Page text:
Since OSHA has not issued specific guidance regarding respiratory diseases, employers must consult the relevant CDC guidelines regarding the same. Check in particular for guidelines listed under Prevent Getting Sick.

Here are some vital steps for employers in all industry segments to follow according to OSHA.

  • Employees who are sick should stay at home
  • Enforce social distancing at six feet minimum (Implement taped distances similar to grocery stores)
  • Workstations may have to be moved and plexiglass shields could be used to prevent the spread of infection and ensure safety
  • If practical, encourage flexible working hours and arrangements or staggered shifts to minimize employee interactions
  • Limit worksite access to only essential workers, if feasible
  • Discourage employees from using other workers’ desks, phones, other work tools and equipment
  • Train employees regarding how to use masks, protective clothing and other equipment
  • Communicate all public health warnings and updates promptly
  • Authorize employees to wear masks and require masks at any employee meeting or gathering, ensuring proper social distancing rules
  • Encourage frequent washing of hands. Provide a place to wash hands or access alcohol-based hand rubs containing at least 60% alcohol
  • Clean and disinfect surfaces, equipment, and other elements of the work environment regularly. Use only EPA (Environment Protection Agency)-approved cleaning chemicals with label claims against the coronavirus. Follow the manufacturer’s instructions for use of all cleaning and disinfection
  • Educate employees on proper etiquette such as covering the nose and mouth when sneezing or coughing
  • Avoid reuse or shared use of equipment among employees
  • Ensure that hand sanitizers are widely available. Encourage cleaning of common surfaces with towels and cleansers. Make sure that towels and cleaning agents are always available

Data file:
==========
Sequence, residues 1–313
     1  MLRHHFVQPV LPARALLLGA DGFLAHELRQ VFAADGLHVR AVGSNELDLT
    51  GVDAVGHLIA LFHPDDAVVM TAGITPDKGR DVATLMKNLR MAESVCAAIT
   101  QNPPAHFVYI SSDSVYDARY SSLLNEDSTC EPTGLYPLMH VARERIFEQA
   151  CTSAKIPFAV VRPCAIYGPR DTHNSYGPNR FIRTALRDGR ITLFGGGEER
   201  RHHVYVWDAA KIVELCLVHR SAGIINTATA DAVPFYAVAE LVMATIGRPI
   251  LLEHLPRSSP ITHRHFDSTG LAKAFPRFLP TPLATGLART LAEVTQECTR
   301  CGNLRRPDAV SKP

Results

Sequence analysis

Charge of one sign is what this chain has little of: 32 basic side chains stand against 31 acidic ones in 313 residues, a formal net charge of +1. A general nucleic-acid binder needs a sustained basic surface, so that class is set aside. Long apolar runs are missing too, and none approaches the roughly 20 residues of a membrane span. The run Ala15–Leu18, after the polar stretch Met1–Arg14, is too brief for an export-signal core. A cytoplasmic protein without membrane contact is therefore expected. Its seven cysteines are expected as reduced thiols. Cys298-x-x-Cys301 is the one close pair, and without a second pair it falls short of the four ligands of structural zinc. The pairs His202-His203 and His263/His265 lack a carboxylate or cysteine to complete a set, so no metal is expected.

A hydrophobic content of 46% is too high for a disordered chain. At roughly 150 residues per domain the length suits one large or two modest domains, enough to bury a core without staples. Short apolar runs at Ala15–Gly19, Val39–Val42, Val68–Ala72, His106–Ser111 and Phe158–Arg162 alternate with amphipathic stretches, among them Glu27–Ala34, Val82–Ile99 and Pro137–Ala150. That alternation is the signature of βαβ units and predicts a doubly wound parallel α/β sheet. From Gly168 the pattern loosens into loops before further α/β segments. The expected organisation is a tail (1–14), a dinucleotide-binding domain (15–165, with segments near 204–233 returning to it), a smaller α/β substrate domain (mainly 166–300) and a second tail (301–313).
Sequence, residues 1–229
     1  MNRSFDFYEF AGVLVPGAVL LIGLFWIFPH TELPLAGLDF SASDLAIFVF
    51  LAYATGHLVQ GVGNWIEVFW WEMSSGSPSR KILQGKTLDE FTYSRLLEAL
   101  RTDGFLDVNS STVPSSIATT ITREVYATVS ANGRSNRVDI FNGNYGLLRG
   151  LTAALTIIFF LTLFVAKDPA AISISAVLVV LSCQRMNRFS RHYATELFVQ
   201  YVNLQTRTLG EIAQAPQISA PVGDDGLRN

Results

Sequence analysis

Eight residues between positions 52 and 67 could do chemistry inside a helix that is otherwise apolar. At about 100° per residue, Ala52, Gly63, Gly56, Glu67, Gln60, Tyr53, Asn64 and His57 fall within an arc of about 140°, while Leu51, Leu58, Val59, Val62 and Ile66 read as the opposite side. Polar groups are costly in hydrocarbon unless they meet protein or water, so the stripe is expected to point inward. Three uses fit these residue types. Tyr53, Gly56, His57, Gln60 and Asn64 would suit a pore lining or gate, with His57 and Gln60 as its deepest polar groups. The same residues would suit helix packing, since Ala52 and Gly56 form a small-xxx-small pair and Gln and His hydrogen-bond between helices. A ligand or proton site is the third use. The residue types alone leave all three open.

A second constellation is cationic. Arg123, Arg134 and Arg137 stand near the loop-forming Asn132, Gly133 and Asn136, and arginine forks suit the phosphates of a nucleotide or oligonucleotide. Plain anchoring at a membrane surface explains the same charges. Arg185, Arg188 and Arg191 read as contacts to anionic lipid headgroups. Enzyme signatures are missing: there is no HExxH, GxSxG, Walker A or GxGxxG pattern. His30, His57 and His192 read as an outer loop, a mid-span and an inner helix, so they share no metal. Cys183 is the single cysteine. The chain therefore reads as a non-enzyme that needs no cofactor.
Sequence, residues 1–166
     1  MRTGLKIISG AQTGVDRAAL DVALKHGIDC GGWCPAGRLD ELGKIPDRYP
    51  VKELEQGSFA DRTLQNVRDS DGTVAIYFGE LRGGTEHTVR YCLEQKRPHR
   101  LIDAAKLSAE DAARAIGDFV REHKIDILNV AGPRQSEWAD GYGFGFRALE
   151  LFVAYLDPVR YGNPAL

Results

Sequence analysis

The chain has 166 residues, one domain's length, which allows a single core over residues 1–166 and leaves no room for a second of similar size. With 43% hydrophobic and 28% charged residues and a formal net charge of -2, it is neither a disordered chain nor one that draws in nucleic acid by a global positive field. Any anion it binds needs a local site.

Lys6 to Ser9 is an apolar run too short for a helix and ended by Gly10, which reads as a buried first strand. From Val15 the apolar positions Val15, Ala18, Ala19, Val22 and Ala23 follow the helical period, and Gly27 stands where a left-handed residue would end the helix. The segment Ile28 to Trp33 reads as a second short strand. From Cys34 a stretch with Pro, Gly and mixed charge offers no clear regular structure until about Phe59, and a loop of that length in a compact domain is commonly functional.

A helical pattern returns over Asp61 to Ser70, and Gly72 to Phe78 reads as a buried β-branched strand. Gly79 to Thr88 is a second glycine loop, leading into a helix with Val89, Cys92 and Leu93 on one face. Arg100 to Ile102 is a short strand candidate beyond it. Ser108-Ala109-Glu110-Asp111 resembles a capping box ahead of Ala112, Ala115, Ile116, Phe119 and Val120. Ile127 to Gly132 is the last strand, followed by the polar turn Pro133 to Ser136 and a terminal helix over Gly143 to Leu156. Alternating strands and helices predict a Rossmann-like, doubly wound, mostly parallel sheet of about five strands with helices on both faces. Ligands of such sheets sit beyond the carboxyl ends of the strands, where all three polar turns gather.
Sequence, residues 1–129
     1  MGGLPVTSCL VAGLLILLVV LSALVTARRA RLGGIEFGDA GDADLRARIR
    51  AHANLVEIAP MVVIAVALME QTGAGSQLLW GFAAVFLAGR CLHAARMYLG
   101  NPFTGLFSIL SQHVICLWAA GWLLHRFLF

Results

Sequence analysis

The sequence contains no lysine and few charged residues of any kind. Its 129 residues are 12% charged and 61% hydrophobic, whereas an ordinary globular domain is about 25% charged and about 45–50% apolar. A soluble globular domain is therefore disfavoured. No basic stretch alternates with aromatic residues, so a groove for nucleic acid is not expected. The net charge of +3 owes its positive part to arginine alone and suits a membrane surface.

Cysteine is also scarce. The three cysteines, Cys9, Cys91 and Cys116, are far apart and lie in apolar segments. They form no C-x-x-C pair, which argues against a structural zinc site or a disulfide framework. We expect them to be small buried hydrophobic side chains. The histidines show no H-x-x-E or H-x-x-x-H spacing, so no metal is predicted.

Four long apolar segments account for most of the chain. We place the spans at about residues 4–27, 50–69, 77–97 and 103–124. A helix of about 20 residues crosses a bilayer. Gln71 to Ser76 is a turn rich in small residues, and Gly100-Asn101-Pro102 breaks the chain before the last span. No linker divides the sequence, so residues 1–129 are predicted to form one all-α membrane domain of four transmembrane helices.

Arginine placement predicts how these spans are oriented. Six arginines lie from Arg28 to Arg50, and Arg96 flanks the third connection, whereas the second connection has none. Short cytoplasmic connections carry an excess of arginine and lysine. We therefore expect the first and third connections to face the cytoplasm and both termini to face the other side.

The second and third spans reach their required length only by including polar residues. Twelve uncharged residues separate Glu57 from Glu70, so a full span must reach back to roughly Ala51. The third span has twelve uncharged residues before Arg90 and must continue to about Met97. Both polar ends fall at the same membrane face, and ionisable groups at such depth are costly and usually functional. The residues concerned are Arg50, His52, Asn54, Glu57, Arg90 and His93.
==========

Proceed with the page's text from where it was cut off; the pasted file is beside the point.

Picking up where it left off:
• Encourage employees to report any health or safety concerns promptly

Industry-specific guidance is available for retail, construction, manufacturing and package delivery sectors.

Here are some important things for employers to note:

  • Provide a safe workplace free from hazards, which is extremely challenging with this new coronavirus on the lurk
  • Remember that:
    • Report any potential OSHA-recordable event
    • Reporting is required in certain circumstances
    • Failing to report can lead to adverse consequences
    • Reporting does not constitute an admission of fault for the employer or employee, nor does it indicate than an OSHA standard was violated, or that an employee is eligible for workers’ compensation and other benefits

As organizations in all sectors of the economy including legal firms, insurance companies, chart review firms and others begin to plan return to work, they will have to adhere to all CDC and OSHA guidelines and include these in their strategies. Proper communication is of immense significance in this context and workers, customers, vendors and others should all understand exactly what employers expect of them and what they can expect from the employers in the fight to control the spread of COVID-19. New policies/procedures governing workplace safety and health must be communicated correctly and training programs must be conducted, though remotely, before returning to work in full swing.